How Does Your Period Affect Your Skin?
If you thought your skin was acting up just before or around the time of your period, you’re not imagining it. According to a study published in the Journal of Clinical and Aesthetic Dermatology, “a significant number of adult women have perimenstrual acne symptoms”. There are also some women suffering eczema or psoriasis that seems to get worse around the time of their period.
Hormones and Your Skin
Part of the reason behind this is the hormonal fluctuation that occurs during the different phases of a woman’s cycle. The menstrual cycle has three phases: follicular (before the release of the egg), ovulation (the release of the egg), and luteal (after the release of the egg). Each of these phases of the cycle is monitored by different hormones including estrogen, progesterone, and testosterone. And these hormones have an effect on skin.
Estrogen, for instance, spurs collagen and elastin. Collagen is a structural protein in connective tissue that gives the tissue strength and flexibility. Elastin is another protein but it is, as the name implies, highly elastic. That’s the protein that allows tissue in the body to resume its shape after contracting or stretching. And that’s not all! According to a study published by the National Center for Biotechnology Information, “estrogen appears to aid in the prevention of skin again in several ways” and also increases cutaneous (skin) wound healing.
Estrogen levels are higher just before the ovulation phase of a woman’s cycle. Just before the ovulation phase, the higher levels of estrogen help suppress sebum production. Sebum is an oily substance that is produced by the body’s sebaceous glands to help keep the skin and hair moisturized. When the estrogen levels drop (generally about a week before your period), the level of progesterone increases. Progesterone induces sebum build-up under the surface of the skin. Sebum is a good thing but, like many other good things, more isn’t necessarily better.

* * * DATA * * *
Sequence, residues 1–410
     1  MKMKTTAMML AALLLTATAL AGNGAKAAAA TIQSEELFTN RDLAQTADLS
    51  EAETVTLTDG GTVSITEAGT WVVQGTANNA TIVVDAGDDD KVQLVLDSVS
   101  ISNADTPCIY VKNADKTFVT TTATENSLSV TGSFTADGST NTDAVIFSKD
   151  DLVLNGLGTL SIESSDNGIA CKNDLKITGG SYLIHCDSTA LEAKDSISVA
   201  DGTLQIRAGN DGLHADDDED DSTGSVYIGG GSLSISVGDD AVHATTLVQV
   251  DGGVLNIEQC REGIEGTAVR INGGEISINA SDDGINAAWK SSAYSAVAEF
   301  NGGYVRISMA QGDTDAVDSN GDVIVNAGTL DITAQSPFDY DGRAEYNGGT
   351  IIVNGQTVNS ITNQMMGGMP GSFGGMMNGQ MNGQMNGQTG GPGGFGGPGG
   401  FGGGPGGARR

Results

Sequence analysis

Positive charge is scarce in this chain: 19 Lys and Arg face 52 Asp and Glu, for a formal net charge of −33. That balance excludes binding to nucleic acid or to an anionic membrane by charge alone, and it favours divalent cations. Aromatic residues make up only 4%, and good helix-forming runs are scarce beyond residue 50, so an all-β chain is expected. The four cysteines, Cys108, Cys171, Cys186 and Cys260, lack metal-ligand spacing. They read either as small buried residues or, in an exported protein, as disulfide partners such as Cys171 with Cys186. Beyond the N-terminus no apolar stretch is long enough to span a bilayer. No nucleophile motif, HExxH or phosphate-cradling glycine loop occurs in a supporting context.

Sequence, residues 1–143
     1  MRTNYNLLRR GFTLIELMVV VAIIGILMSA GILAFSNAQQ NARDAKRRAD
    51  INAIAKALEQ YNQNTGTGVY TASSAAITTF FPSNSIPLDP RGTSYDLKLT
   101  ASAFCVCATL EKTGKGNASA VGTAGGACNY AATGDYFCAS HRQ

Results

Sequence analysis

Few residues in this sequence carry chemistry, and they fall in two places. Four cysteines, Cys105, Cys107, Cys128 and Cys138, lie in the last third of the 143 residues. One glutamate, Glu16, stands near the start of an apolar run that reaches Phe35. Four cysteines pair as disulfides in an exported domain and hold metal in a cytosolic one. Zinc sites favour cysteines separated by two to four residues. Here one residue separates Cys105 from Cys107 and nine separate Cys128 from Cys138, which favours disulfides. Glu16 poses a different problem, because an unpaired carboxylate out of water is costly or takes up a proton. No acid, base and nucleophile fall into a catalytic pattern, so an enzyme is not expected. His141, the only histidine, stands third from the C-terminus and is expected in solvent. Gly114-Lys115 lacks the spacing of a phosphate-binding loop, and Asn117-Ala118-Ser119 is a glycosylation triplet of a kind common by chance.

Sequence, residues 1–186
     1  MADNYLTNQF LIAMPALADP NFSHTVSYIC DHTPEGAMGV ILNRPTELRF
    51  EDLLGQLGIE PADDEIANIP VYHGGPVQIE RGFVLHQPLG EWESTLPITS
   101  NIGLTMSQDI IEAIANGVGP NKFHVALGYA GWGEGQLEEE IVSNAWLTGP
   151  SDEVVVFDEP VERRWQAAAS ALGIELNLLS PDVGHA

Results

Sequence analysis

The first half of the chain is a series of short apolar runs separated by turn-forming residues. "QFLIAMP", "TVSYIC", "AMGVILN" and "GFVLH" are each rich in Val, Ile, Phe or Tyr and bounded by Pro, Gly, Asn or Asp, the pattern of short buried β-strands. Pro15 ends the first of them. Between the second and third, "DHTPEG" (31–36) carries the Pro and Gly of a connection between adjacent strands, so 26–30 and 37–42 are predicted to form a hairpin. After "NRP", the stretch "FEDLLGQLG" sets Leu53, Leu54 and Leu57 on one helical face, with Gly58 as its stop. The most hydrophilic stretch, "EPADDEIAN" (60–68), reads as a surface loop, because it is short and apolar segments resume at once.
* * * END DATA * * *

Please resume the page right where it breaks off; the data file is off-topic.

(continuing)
Too Much of a Good Thing
An excess of sebum and build up and can contribute to acne and oily skin. Sebum can also become trapped inside the gland (that creates those little bumps that sometimes appear on the face). The little bumps are harmless, but most of us would rather not have them.
There are some things you can do to address those lower-estrogen, higher-progesterone times (other than hiding out until it passes). Many sources recommend regular washing with a gentle, non-perfumed soap and warm water and suggest patting your face dry rather than vigorously rubbing your face with a towel. Some people have found facial masks made of natural products to be helpful.
Diet is also a factor (isn’t it always!). Dr. Alan Logan, author of The Clear Skin Diet, recommends eliminating dairy products from your diet, particularly milk but also cheese and ice cream (well, there go three of my diet staples) based on Harvard studies linking these foods with a greater risk of acne. He also suggests refraining from high-sugar processed foods and beverages. Another culprit is vegetable oils such as corn, soybean, safflower and sunflower oils as they can drive sebum production. According to Dr. Logan, fish and seafood will dial down the sebum production.
UCLA’s Student Wellness Commission says in their Total Wellness magazine that drinking lots of water will promote cell turnover and reduce the production of sebum. (I don’t think that the water used to make coffee counts, dammit!). Drinking water not only helps to keep your skin hydrated, it also helps to flush any toxins in your body that are aggravating skin conditions.
Simple remedies often work well for transient or mild period-related conditions that are fairly easy to resolve. But if you have a persistent or serious skin condition, you should consult your health care practitioner.
NannoPads probably won’t help with period zits, but they do provide relief from the discomfort of menstruation. Here is what some users of NannoPads have to say.